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CS2 version of maze solver

Screenshot of CS2 solution (click for full-size) I do like it when I can have the students write an entire project from start to finish; they seem to like this as well. This project is one such. However, over a few iterations of this project, I've found a couple of early sticking points, which if the students get them wrong, completely munge up the entire remainder of the project. They're not even the main point of the project!

But, rather than just provide them with a starting code base, I prep the project with a homework containing three completely independent code-writing questions. This gives me a chance to check their work on the sticking points, and set them right, before they start on the main body of the project. If you have some sort of design checkpoint, or another regular feedback mechanism during the course of the project, the homework questions could easily be folded into the project proper.

This project just keeps on giving, too: by the time we're done, the students have noticed that the stack-based and queue-based solution processes have rather different behaviour, but haven't quite figured out why yet. Some speculate that one or the other is always better (depending on their test cases, usually); in any case, debriefing this project serves as a perfect introduction to the ideas of depth-first and breadth-first search. I also use it as a bit of a preview of things to come---here we used two of the agenda types, but what would happen if we used a priority queue instead? Well, that'd be a best-first search. See also my A-star version of this project.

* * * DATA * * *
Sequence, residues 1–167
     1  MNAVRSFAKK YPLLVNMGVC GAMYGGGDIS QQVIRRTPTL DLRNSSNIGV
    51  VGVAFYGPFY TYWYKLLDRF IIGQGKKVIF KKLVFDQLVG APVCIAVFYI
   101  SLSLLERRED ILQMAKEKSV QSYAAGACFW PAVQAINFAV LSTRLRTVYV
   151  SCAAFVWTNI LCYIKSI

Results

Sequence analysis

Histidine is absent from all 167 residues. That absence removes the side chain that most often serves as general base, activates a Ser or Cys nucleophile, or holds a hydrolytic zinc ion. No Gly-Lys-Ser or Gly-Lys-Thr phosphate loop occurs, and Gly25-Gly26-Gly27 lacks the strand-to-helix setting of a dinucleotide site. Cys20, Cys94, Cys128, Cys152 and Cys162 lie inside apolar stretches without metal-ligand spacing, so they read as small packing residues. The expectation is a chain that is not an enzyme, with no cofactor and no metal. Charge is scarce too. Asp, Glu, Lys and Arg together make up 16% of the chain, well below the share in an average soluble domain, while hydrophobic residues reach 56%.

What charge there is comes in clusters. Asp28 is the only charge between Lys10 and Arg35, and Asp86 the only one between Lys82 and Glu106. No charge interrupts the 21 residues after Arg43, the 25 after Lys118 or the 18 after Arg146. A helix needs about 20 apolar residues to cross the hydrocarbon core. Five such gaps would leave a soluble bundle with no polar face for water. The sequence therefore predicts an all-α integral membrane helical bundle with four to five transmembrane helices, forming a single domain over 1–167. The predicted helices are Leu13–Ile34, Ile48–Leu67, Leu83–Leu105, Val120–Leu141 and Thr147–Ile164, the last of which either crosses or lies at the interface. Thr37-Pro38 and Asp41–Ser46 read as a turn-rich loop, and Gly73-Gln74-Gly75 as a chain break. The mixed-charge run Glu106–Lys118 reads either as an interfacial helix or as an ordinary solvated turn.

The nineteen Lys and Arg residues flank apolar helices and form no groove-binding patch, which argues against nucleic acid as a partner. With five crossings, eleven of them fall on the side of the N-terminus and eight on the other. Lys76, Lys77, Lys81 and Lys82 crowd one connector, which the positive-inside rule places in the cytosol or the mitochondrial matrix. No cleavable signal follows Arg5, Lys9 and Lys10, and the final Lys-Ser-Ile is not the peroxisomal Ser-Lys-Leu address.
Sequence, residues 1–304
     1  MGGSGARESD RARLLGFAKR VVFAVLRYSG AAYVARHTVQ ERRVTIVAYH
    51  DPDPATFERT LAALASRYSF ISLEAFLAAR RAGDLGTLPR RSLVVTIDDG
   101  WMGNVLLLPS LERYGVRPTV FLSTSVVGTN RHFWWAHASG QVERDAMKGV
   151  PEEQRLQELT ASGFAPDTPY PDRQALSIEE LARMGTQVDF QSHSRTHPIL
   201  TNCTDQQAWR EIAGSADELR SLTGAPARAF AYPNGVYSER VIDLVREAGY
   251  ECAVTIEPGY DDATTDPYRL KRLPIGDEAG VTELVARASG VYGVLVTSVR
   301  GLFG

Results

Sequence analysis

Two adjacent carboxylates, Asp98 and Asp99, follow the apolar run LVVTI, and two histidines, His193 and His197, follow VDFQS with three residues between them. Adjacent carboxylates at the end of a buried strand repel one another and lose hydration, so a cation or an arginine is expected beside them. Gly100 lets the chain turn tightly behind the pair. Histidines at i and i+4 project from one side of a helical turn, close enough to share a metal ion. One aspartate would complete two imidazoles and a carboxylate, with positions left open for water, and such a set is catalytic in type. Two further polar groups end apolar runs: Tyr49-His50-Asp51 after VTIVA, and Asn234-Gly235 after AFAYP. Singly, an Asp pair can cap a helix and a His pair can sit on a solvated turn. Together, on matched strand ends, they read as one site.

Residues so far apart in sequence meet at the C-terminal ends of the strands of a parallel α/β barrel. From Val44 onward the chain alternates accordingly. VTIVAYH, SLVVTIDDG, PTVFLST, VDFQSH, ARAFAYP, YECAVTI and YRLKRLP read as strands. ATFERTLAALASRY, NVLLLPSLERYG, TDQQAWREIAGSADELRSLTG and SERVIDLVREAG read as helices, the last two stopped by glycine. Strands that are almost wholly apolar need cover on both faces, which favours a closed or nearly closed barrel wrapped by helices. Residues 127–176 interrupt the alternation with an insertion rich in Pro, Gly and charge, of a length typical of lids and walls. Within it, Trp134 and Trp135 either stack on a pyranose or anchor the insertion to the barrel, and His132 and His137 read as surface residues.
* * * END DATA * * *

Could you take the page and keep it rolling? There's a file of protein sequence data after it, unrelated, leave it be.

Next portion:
Above is a screenshot from my reference solution, with a (queue-based) solution in progress. (Click it for a full-size version.) The green dot is the start, the target is the finish, and the grey squares are the ones that have been explored already.

Assignment materials


This page is too easily googlable, so I don't want to post it here, but I'm happy to email the solution to any CS teacher. Just email me at dblaheta@knox.edu. Preferably, email from your school email account, and if possible include a link to some official school website that includes your name on faculty/staff (so I can verify that this is on the up-and-up).